The mania for confession, which some say is traceable to Saint Augustine, and which none deny Rousseau made popular as means of making one's suppressed desires articulate, has seized on Lampy. The Boston Herald yesterday contained the modest "Life and Times of Lampy" written by himself.

It is a simple tale, and simply told. But those who read it will remark it strange that Lampy glosses over in a line or two the question of his origin. Some will call it filial ingratitude that he not even mentions who his parents were. The matter always has been shrouded deep in mystery: no wonder Lampy hesitates to talk about first causes. Lampy's simple statement that a note somebody passed in classroom brought him forth, is even more at odds with nature than a virgin birth. Therefore, the CRIMSON, who remembers well the scandal incident to Lampy's birth, is loath to let the matter pass without revealing what was known and what suspected at the time.

It was in 1876 as Lampy says. How well the CRIMSON recollects it! Who, indeed, of those then living could forget the year which has been branded ever since in Harvard annals as the "Plague Year" of the century? For then it was that Mistress Advocate, a young and, up till then, respected member of the neighborhood, so shocked the world by bringing forth a lusty, roly-poly boy who was to prove himself the plague of wit and humor. Who was his father no one knew, though there were many guesses. But in commemoration of the joke his mother played upon society, the child was called Lampoon.

Strange prodigies foretold that he was destined to no ordinary way of life. The gargoyles on Memorial Hall were heard to laugh and shriek at midnight, and the ghost of Punch was seen in broad daylight astride an ibis in Mt. Auburn Street. And sure enough, as years went by, the fact was oft remarked that young Lampoon was not a common child. For hours he'd ponder over some inanity, and then would roar with laughter at his own conceit. And this, together with his marked plebeian tendencies and over-strong aversion to the Irish nation, got it whispered round that Mistress Advocate had had some secret traffic with old John the Orangeman. But John, whene'er the thing was hinted at, swore roundly in his well known way, "Ter Hell wid Yale!"--disclaiming thus his offspring. Thus Lampy's disinheritance has been advanced by some as cause sufficient for his marked dislike of County Corkers.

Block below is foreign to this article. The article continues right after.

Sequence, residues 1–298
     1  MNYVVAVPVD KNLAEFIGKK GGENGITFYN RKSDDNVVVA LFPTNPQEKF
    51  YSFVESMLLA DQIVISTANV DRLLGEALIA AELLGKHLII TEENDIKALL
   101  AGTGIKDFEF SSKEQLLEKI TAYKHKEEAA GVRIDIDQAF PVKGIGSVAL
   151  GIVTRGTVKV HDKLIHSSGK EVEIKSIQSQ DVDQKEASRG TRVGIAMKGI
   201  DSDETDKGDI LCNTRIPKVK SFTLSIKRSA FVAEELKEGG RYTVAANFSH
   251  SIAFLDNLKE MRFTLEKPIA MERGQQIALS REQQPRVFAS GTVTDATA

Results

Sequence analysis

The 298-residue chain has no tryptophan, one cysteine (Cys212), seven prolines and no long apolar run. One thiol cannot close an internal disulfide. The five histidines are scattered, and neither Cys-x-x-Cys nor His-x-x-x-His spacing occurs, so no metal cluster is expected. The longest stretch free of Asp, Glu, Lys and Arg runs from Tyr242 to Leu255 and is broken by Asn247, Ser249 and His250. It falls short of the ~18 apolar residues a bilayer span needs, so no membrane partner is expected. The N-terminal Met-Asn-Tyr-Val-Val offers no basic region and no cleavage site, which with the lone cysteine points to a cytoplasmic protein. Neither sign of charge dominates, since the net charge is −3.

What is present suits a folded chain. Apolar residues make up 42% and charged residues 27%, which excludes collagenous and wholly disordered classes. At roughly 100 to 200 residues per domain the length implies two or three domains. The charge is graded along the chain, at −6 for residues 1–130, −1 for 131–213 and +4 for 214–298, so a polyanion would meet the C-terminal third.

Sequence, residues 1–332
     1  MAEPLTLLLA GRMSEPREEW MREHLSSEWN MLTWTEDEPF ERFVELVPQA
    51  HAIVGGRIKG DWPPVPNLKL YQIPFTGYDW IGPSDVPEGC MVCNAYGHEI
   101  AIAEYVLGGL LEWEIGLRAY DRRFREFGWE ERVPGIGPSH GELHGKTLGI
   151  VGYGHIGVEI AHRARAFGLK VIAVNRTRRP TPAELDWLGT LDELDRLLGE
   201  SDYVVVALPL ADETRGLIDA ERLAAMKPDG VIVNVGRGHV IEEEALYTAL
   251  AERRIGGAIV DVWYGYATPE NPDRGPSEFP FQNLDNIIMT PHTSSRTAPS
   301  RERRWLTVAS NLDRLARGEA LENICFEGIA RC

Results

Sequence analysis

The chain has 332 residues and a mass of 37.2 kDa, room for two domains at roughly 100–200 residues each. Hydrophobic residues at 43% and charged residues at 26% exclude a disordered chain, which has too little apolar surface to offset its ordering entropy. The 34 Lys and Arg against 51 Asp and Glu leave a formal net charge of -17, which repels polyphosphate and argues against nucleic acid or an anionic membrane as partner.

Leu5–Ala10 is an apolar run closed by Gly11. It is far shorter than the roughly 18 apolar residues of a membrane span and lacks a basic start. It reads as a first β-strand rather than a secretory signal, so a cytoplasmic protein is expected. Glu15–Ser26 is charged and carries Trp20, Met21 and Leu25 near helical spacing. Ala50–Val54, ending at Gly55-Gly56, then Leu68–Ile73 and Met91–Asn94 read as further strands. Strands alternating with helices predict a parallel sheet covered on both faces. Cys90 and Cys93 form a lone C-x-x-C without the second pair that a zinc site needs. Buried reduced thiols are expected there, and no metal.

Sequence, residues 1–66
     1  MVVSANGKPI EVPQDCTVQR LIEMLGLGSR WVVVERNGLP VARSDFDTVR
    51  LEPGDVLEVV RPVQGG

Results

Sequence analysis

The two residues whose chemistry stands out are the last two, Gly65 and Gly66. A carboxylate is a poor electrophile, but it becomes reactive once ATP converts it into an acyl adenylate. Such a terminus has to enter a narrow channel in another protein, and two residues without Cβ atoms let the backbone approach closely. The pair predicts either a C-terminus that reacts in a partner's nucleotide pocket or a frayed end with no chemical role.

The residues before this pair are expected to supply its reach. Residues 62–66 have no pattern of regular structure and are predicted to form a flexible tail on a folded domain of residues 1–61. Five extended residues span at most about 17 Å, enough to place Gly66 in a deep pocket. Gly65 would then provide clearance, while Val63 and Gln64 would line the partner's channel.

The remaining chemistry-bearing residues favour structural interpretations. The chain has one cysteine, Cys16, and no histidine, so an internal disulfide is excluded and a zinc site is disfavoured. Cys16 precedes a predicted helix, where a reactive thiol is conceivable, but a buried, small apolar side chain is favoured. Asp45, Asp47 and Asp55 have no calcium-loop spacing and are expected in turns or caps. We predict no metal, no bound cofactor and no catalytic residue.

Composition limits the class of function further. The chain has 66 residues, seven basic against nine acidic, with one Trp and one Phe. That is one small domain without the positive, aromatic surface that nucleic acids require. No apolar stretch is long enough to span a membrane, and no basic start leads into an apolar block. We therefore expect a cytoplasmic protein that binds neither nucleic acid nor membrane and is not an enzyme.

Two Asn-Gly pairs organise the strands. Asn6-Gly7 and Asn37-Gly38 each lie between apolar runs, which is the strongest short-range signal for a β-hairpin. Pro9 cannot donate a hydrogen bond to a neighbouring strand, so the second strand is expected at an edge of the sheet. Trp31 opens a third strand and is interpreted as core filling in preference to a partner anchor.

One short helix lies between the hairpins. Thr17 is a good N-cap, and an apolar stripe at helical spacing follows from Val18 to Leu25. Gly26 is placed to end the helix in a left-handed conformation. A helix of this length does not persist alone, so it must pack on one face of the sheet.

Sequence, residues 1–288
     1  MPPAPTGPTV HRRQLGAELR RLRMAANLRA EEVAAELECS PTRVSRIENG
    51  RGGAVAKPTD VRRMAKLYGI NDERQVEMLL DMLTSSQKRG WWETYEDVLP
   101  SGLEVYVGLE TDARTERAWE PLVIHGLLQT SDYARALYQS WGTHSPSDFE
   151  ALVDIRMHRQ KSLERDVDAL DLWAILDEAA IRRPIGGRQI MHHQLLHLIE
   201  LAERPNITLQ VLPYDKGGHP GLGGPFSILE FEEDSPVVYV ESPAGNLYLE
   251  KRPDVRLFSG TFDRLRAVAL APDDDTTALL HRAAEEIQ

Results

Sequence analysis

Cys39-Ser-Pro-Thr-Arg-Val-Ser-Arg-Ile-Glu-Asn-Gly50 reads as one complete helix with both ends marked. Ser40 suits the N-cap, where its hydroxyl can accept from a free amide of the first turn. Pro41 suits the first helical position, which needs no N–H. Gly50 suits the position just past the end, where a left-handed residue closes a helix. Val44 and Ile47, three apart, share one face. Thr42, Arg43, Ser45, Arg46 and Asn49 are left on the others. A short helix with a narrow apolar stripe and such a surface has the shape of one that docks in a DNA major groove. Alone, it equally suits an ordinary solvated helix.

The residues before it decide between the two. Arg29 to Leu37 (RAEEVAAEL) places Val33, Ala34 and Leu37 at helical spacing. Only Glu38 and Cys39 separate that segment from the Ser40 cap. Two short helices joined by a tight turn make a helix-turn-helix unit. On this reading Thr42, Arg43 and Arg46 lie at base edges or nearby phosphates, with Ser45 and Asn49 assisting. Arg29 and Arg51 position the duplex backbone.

Now many years have passed since John the Orangeman was gathered to his fathers, and Mother Advocate, in penance for her sin, has vowed upon herself a life of straitened chastity. But old John's death and Mother Advocate's remorse could not wipe out the past. Lampy lived; not only lived, but flourished on the jokes the CRIMSON kindly furnished him. Indeed, the CRIMSON may assert a modest pride in Lampy's modest humor, since the CRIMSON often is to Lampy what Prince Harry was to Falstaff--the inspiration, source, and fountain of his wit.

And now upon his fiftieth anniversary the CRIMSON here extends to Lampy its congratulations, and adds the wish that be may live to be a hundred. There's no fool like an old one, and it may be Lampy will discard his youthful aged jokes and on his own account grow witty wise.